What are ETFs or exchange-traded funds? Meaning

Business

DEFINITION

An exchange-traded fund (ETF) is a type of security that involves a collection of securities, such as stocks, that often tracks an underlying stock market index, although they can invest in any number of industry sectors or use a variety of strategies. ETFs are in many ways similar to mutual funds; however, they are publicly traded and ETF shares are traded around the clock just like ordinary shares.

A well-known example is the SPDR S&P 500 ETF (SPY), which tracks the S&P 500 index . These funds can contain many types of investments, including stocks, commodities, bonds, or a combination of investment types. An exchange-traded fund is a marketable security, which means that it has a price associated with it that allows it to be easily bought and sold.

Most ETFs can be acquired through investment management companies such as BlackRock or Vanguard, which handle the most desirable and profitable ETFs on the market. We can also buy ETFs from most brokers, such as eToro , which provides exposure to ETFs by buying their units or allowing trading through trading instruments such as CFDs or contracts for difference. In contracts for difference, an investor buys ETFs with leverage or sells ETFs while waiting for their value to decrease.

KEY IDEAS

An exchange-traded fund is a basket of securities that are traded on an exchange, just like a stock.

The share prices of these types of funds fluctuate throughout the day as they are bought and sold; This is different from mutual funds that only trade once a day after the market closes.

They can contain all types of investments, including stocks, commodities, or bonds; some offer US-only stakes, while others are international.

They offer low expense ratios and fewer broker commissions than buying the stocks individually.

ETF FEATURES

An exchange-traded fund is called an exchange-traded fund, as it is traded on an exchange just like stocks. The price of shares in an exchange-traded fund will change during the trading day as shares are bought and sold on the market. This is different from mutual funds, which are not traded on an exchange, and are only traded once a day after the markets close. Also, ETFs tend to be more profitable and more liquid compared to mutual funds.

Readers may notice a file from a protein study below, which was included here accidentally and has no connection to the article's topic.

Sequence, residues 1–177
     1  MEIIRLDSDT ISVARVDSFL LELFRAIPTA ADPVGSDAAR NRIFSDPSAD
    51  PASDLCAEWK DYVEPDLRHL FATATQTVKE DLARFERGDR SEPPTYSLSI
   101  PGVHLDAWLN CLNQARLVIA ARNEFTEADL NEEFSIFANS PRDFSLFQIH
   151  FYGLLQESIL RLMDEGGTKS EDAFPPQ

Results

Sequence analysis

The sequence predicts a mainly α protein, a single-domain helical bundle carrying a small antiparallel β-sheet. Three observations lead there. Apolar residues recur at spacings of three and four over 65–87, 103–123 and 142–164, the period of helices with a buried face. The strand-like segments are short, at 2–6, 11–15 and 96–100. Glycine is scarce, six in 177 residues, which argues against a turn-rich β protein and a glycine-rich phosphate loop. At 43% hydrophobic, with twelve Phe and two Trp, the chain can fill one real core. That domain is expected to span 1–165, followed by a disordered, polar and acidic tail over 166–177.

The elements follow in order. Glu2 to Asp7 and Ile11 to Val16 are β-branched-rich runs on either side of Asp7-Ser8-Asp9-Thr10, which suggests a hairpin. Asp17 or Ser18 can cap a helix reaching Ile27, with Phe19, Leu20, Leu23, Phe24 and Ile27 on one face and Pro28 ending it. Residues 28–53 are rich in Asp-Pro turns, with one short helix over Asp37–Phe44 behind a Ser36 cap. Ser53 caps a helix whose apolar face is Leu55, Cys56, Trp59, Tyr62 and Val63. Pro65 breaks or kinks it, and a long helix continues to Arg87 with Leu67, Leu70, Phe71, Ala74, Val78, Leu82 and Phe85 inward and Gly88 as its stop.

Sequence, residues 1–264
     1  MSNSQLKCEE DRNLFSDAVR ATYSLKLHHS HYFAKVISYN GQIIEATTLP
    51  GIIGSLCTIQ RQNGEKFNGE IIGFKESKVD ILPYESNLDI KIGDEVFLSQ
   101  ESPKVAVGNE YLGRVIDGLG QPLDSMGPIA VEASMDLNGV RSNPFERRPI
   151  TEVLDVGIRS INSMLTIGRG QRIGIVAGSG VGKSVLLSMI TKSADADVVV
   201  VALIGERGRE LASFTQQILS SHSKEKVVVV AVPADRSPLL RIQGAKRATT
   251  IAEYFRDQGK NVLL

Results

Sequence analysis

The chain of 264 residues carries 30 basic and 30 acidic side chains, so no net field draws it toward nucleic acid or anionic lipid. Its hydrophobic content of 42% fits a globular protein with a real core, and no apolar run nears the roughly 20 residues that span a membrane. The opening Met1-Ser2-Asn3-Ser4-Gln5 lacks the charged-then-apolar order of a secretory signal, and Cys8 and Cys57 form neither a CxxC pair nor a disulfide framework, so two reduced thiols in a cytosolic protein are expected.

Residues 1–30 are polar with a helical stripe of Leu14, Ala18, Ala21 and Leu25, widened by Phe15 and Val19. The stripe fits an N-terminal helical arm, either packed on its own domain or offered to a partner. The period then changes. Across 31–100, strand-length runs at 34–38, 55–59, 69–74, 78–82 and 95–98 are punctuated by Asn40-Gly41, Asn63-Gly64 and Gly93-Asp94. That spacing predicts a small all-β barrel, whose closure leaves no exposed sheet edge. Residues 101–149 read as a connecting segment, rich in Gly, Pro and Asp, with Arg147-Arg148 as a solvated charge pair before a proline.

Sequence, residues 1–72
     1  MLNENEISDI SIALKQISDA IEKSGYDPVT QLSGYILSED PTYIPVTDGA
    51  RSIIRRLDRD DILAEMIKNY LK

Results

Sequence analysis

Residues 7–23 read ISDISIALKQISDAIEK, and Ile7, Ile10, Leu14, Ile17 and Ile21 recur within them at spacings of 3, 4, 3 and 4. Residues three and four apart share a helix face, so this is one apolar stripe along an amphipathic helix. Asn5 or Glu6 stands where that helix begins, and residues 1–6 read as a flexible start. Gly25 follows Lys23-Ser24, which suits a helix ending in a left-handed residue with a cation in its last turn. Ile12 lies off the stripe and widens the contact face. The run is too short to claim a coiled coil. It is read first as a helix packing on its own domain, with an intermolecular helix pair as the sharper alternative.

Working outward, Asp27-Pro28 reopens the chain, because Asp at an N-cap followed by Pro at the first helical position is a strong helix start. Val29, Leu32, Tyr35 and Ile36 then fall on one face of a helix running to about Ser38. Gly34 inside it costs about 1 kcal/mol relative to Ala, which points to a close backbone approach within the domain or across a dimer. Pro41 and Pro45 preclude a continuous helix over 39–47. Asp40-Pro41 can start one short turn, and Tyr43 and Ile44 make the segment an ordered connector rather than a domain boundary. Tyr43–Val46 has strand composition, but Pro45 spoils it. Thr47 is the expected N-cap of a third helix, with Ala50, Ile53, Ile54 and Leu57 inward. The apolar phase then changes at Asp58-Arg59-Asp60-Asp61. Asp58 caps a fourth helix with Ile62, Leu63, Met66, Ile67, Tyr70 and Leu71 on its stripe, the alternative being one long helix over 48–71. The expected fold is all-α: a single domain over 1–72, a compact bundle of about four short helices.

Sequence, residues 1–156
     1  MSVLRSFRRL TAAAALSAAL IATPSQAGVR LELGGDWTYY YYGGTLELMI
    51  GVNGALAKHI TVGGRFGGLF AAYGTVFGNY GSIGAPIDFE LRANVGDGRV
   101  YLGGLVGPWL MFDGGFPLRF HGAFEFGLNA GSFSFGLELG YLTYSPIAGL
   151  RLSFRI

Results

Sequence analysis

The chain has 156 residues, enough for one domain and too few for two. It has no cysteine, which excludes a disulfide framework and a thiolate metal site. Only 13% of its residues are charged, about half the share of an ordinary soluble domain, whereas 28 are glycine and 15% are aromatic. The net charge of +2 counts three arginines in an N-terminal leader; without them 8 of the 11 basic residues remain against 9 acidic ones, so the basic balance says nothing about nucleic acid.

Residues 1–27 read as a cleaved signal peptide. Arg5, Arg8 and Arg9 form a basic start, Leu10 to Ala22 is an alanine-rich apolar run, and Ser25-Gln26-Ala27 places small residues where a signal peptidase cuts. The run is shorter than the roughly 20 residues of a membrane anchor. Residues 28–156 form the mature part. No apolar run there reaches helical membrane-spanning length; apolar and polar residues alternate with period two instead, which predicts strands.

This instrument is a type of fund that holds multiple underlying assets, rather than just one as a stock. Because there are multiple assets within an ETF, they can be a popular choice for diversification.

These funds may own hundreds or thousands of shares in various industries, or they could be isolated from a particular industry or sector. Some funds focus only on US offerings, while others have a global perspective. For example, banking-focused ETFs would contain stocks from several industry banks.

ETF TYPES

There are several types of ETFs available to investors that can be used to generate income, speculation, price increases, and to partially hedge or offset risk in an investor’s portfolio. Below are several examples of ETF types.

  • Bond : These can include government bonds, corporate bonds, and state and local bonds, called municipal bonds.
  • Industry or Stock – They track a particular industry, such as technology, banking, or the oil and gas sector.
  • For raw materials they invest in raw materials such as crude oil or gold.
  • Currencies: They invest in foreign currencies such as the euro or the Canadian dollar.
  • The inverse ones, who try to profit from the decrease in the price of the shares, by selling them short. Selling is short is selling a stock, expecting a decrease in value, and buying it back at a lower price. As we mentioned initially, these types of operations can be carried out using CFDs.

Investors should note that many reverse exchange funds are exchange-traded notes (ETNs) and not true ETFs. An ETN is a bond, but it trades like a stock and is backed by an issuer like a bank. Be sure to check with your broker to determine if an ETN is the right security for your portfolio.

In the US, most exchange-traded funds are set up as open funds and are subject to the Investment Company Act of 1940, except where subsequent rules have changed their regulatory requirements. Open funds do not limit the number of investors involved in the product.

SOCIALLY RESPONSIBLE ETFS

The ETFs that have been gaining the most popularity lately are those that invest in sustainable stocks and companies. Concern about climate change has led to this category expanding and gaining more and more followers. The JustETF page provides an appropriate selection of socially responsible ETFs that anyone can choose to invest in.

Leave a Reply

Your email address will not be published. Required fields are marked *